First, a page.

Martha Marcy May Marlene was, for me, one of the most surprising films of 2011. I wasn’t expecting much when I went to see it because so much of the film’s publicity centered on the fact that it starred Elizabeth Olsen, the younger sister of the Olsen Twins. Needless to say, we don’t usually associate the Olsen Twins with challenging and mature filmmaking and, even though they had nothing to do with Martha Marcy May Marlene, it was impossible to read or hear about the film without them being mentioned. For a lot of people, this led to Martha Marcy May Marlene being dismissed by association. That’s really not fair to the film or Elizabeth Olsen (or the Olsen Twins, for that matter). Martha Marcy May Marlene is a haunting and disturbing little psychological thriller and one of the best films of 2011.
Olsen plays Martha, a young woman who, one day, shows up at the home of her older sister and her husband (played by Sarah Paulson and Hugh Dancy). Though the film never gets into the specific details, it becomes apparent that Paulson and Olsen are the products of a dysfunctional background. Olsen escaped by running away from home while Paulson found her exit by marrying the rather arrogant Dancy. Hoping to repair their own strained relationship, Paulson agrees to let Olsen stay with them, despite both the objections of Dancy and Olsen’s refusal to say where she’s been. No sooner has Olsen moved in then it starts to become apparent that she’s not the same person that Paulson remembers. When Paulson asks Olsen if she wants to take a swim in the nearby lake, Olsen responds by stripping off her clothes in front of Dancy and when Paulson and Dancy are trying to conceive their first child, Olsen sees nothing wrong with casually walking into the room and laying down on the bed beside them. More ominously, Olsen soon reveals herself to be paranoid of strangers. As Paulson struggles to understand her sister, we see flashbacks of a much more open (and trusting) Olsen joining a cult-like group, led by a magnetic John Hawkes.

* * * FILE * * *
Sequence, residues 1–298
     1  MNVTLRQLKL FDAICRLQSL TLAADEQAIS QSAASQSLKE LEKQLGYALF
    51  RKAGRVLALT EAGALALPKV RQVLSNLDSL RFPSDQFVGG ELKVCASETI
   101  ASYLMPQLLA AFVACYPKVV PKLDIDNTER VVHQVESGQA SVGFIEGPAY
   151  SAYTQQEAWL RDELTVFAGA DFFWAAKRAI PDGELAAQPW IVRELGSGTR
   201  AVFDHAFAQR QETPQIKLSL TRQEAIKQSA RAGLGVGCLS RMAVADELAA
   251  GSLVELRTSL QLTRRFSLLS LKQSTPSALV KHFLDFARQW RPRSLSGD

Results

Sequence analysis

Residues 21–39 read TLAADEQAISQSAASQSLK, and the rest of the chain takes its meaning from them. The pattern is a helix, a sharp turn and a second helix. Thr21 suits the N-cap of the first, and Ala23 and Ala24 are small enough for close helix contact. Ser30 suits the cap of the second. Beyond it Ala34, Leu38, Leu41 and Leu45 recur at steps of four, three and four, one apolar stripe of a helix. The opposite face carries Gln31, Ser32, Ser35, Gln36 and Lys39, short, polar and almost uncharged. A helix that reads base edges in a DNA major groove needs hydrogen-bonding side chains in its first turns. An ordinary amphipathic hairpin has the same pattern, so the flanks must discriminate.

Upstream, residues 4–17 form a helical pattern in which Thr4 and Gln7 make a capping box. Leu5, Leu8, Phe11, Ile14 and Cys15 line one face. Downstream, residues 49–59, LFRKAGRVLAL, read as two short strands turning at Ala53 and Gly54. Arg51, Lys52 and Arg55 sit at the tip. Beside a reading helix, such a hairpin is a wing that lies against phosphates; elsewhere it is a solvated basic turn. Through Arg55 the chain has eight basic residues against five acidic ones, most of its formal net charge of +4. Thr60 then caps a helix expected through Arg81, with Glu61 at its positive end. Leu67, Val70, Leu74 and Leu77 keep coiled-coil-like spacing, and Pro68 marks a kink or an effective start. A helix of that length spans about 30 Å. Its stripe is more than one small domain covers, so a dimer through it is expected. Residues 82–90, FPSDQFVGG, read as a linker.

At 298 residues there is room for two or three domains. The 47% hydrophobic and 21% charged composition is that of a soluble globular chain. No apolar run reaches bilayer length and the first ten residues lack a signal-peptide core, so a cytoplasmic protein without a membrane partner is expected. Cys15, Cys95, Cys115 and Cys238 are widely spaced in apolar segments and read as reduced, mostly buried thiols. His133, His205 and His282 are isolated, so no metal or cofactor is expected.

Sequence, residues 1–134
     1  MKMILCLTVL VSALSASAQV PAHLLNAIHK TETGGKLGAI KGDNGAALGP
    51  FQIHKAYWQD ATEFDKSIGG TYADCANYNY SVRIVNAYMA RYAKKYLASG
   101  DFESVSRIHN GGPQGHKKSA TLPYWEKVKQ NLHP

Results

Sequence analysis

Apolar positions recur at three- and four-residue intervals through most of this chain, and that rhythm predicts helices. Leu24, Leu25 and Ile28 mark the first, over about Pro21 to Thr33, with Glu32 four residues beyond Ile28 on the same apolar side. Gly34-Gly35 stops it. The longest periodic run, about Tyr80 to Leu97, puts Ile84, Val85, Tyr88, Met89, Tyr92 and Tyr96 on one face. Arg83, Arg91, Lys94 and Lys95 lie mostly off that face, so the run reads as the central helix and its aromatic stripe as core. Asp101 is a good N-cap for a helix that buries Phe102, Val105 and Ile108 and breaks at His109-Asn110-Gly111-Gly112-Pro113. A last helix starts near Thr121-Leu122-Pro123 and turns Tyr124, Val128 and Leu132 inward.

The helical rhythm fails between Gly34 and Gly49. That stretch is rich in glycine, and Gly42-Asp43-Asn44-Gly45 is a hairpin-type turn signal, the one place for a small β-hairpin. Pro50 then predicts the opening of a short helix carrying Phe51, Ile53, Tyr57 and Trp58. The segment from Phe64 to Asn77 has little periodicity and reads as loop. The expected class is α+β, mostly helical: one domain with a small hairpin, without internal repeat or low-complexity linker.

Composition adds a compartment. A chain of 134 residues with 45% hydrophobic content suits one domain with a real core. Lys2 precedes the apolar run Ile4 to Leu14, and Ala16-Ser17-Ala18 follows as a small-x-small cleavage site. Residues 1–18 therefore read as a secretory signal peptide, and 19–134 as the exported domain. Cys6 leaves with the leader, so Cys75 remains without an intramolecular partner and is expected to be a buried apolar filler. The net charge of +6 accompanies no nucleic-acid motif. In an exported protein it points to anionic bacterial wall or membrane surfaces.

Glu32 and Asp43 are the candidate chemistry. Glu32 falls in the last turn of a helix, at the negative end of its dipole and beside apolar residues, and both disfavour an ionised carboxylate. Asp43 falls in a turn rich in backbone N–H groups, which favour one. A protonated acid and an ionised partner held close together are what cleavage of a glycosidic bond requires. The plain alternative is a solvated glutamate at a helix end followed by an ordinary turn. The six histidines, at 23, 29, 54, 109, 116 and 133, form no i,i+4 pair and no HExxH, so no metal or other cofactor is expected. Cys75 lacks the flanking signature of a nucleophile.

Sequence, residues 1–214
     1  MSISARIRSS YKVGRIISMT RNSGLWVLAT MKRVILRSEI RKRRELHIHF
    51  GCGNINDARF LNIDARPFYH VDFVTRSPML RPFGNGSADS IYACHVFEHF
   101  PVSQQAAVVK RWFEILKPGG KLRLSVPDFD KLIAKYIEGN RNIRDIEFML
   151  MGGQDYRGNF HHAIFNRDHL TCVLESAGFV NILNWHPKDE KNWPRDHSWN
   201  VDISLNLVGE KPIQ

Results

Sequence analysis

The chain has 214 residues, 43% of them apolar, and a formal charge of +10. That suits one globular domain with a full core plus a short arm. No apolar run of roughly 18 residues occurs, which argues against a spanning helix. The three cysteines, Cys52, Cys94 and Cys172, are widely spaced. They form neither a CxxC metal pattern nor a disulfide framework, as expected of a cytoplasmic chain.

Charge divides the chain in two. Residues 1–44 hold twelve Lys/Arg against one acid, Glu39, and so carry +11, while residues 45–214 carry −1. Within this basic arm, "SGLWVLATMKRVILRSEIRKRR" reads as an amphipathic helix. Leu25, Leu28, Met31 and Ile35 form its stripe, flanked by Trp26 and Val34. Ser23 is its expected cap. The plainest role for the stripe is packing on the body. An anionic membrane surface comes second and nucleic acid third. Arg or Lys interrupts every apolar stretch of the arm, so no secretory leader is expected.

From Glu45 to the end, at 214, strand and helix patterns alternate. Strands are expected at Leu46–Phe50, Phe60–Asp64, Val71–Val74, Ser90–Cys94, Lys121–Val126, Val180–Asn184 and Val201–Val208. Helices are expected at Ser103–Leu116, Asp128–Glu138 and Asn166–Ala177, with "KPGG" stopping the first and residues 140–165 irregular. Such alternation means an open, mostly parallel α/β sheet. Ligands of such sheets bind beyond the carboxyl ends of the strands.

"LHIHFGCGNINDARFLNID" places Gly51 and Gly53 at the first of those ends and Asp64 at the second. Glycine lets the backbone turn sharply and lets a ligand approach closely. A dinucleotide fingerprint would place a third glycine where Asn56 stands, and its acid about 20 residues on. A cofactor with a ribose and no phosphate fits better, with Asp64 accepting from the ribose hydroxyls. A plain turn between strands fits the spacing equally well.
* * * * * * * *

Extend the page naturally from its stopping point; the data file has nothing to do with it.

Director Sean Durkin makes an assured debut with this film, subtly shifting between the present and the past and filling the screen with beautifully placid images that somehow manage to leave the audience with an unshakeable sense of menace and foreboding. As a storyteller, Durkin keeps the audience guessing and wondering about both who Martha once was, who she eventually became, and who she’s going to be in the future. Wisely Durkin doesn’t provide any easy solutions as much as he poses questions and then suggests a possible answer.
If you’re like and you’re a true crime and/or exploitation junkie (I’m both), you’ll realize immediately that the character played by John Hawkes is pretty blatantly based on Charles Manson and his followers are the equivalent of Manson’s “family.” What’s interesting is how Hawkes manages to keep his character both threatening and intriguing even after this become apparent. Hawkes radiates such charisma in the beginning of the film that the scenes where he eventually reveals his true colors are shocking, despite the fact that you know they’re coming. It’s a performance that proves that Hawkes is one of the best character actors working today and Durkin skillfully contrasts Hawkes’s more subtle form of domination with Hugh Dancy’s more obvious technique with the film ultimately suggesting that both of these patriarchal characters are just two sides of the same coin.
Ultimately, though, the film is dominated by Elizabeth Olsen who gives a performance that is simply brilliant. Alternatively innocent and calculating, Martha is a fascinating character and Olsen brings her to haunting life. As a result of Olsen’s brave performance, Martha Marcy May Marlene joins with Hanna and Shame as a great modern film about the search for identity. This has been a year full of strong female performances and Olsen gives one of the strongest. The next time some shyster tries to sell you on the idea that Rooney Mara is the actress of the future, tell them to go see Martha Marcy May Marlene.